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February 01, 2013

The Latest Great Clean Energy News

WindClean energy and clean air lovers hooted and hollered yesterday when the American Wind Energy Association announced some outstanding 2012 wind power statistics - namely this one:

Wind was the top new energy source to come online in 2012.

The U.S. wind energy industry installed a record 13,124 megawatts (MW) of electric generating capacity in 2012, which brings the total wind power in the U.S. to 60,007 MW. AWEA says that's enough to "power the equivalent of almost 15 million homes, or the number in Colorado, Iowa, Maryland, Michigan, Nevada, and Ohio combined."

See more of the awesome stats and numbers in their 2012 report.

But there's other good clean energy news that came out this week, so I thought I'd highlight a few good ones. The Bloomberg New Energy Finance Report revealed this week that "(r)enewable-energy capacity in the U.S. almost doubled from 2009 to 2012, helping reduce the nation's carbon-dioxide emissions last year to the lowest since 1994..."

Meanwhile, our friends at the Center for American Progress took a great look at the potential for offshore wind along the Eastern Seaboard of the U.S. and what needs to be done to get those turbines spinning.

In other wind power news, a prototype deep-sea wind turbine is headed for Castine Bay in Maine. The turbine was designed and developed by the Advanced Structures and Composites Center at the University of Maine and is a test of small scale wind power:
The testing of a small-scale wind tower in Castine is the second phase of a five-phase plan (they hope) will end with the implementation of full-scale offshore wind farms about 20 miles off Maine's coast.
Universities leading the way in clean energy technology - what a great way for students to be part of a cutting edge industry!

In solar power news, one New Orleans school is showing off its new solar panels just ahead of the Super Bowl. The Dr. Martin Luther King, Jr. Charter School for Science and Technology in the Lower 9th Ward will unveil its solar installion project today, followed by a panel discussion with installer NRG, an economist, and Saints' QB Drew Brees. NRG is working with the San Francisco 49ers to install solar panels on their stadium and hopes to get solar power on every football stadium in the U.S.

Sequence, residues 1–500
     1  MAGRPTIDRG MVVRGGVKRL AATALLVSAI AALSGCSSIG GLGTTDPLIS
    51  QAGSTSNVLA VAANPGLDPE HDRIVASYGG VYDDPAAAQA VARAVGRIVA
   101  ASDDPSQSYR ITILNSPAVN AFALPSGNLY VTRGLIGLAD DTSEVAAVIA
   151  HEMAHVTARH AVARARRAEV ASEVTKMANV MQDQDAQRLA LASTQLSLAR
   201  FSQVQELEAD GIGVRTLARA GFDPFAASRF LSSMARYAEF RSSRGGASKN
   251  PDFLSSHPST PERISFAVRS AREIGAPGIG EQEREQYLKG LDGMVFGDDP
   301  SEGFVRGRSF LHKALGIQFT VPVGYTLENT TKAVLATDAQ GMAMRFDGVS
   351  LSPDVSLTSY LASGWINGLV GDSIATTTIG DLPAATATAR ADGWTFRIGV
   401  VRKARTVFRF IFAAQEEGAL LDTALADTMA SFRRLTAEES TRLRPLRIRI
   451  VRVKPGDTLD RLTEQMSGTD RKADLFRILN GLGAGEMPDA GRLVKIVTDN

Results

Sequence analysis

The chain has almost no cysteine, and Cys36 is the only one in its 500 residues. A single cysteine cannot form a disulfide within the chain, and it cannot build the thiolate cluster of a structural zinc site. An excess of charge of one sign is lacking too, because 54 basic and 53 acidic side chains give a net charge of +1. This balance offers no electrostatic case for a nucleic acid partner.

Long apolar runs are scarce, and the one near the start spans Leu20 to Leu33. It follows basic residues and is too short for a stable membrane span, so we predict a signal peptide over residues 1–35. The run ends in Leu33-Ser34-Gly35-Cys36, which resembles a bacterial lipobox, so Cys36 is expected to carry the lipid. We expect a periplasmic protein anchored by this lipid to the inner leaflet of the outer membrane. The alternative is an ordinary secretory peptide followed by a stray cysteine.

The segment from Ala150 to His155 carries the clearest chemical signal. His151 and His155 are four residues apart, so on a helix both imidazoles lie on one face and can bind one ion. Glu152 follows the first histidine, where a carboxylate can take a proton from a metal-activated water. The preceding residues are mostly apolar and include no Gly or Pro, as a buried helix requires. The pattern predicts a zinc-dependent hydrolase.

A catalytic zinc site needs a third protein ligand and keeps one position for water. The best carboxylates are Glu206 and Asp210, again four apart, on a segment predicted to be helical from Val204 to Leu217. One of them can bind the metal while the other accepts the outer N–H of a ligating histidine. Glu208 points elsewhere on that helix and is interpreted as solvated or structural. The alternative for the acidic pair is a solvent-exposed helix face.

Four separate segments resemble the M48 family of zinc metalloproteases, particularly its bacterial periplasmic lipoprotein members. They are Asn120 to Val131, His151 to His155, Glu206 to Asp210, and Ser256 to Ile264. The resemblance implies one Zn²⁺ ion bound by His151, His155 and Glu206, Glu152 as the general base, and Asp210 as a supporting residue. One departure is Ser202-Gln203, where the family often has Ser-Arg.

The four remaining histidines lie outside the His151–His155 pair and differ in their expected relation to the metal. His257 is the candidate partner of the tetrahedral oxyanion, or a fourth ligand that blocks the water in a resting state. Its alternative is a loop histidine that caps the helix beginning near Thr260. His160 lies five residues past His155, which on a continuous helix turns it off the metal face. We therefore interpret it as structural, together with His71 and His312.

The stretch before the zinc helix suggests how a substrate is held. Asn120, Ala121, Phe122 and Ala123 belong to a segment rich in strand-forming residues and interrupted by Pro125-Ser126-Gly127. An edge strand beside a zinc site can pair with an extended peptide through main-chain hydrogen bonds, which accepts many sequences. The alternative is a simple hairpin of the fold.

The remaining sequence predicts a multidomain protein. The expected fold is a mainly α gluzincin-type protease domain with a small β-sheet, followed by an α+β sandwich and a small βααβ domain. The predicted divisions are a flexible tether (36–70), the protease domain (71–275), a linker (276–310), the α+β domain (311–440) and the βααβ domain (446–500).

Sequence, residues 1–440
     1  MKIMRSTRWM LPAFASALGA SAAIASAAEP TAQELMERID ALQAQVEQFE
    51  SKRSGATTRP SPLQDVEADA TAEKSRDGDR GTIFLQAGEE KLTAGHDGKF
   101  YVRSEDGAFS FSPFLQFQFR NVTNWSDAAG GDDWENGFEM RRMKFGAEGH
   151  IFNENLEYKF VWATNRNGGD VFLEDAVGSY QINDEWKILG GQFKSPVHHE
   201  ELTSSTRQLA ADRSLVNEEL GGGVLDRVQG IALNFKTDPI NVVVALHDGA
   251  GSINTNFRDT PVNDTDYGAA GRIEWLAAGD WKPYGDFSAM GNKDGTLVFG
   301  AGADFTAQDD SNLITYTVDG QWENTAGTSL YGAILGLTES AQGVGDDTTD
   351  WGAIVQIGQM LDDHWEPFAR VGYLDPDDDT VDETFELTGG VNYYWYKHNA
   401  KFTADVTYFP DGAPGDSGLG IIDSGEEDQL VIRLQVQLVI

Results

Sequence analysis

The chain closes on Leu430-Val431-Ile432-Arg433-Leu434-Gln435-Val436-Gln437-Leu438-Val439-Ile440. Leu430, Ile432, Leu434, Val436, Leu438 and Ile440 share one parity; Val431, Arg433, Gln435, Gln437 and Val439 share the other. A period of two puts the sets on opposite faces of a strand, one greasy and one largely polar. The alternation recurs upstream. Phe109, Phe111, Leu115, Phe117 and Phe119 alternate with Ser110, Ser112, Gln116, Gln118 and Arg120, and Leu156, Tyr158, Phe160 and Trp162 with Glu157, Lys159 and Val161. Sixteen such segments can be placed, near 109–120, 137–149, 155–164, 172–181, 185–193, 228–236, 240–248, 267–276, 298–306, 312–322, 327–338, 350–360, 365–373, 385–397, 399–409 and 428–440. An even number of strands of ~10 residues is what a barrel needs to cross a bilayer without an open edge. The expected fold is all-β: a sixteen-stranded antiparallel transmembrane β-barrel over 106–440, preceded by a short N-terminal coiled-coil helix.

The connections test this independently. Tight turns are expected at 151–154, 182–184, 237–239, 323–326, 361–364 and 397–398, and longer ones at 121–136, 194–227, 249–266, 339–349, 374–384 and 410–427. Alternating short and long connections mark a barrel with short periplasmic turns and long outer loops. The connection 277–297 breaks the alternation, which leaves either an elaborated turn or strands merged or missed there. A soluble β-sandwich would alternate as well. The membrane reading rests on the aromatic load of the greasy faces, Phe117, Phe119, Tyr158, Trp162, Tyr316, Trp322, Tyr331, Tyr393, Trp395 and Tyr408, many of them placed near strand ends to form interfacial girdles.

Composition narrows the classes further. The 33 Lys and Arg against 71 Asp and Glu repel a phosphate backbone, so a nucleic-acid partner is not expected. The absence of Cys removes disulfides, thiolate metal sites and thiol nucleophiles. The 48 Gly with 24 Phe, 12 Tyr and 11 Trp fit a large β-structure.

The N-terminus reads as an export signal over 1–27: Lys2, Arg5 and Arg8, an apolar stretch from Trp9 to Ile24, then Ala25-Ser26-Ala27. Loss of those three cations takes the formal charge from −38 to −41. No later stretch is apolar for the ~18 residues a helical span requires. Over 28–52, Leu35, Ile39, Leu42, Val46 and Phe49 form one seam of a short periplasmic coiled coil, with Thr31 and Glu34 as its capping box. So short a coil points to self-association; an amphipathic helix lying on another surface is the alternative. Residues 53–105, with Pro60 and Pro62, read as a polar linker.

And if football isn't your type of entertainment, how about comedy? Comedian Sarah Silverman is standing up for solar power by helping her solar-power-entreprenear-brother-in-law (need more hyphens?) with his indiegogo project. If you support his plan to get solar power installed on a tiny island, you could end up Skyping with Silverman. Details:
San Cristobal, the easternmost island in the Galapagos archipelago, currently derives almost all of its power from diesel fuel, which is both expensive and potentially harmful to the delicate environment. To deal with the problem, Yosef Abramowitz's company Energiya Global plans to build a 300-kilowatt solar field to mitigate the island's dependence on the polluting fossil fuel. But given the small-scale of the project, reaching out to investors isn't an option. Enter indiegogo crowd sourcing.
You could get signed photos of Silverman, but the one person who donates five grand will get to Skype with her. Not bad!

In non-celebrity solar news, Hawaii solar power advocates are greeting with open arms the state's huge rush for rooftop solar. Just look at how much the state loves it: "In 2012, as many permits for new solar units were issued on the island of Oahu alone as in the entire state over the last decade."

A new partnership is allowing homeowners and utilities to move even faster in getting panels on roofs and that solar power onto the state's grid.

If I missed any great clean energy news, do share in the comments!

-- Heather Moyer, Sierra Club


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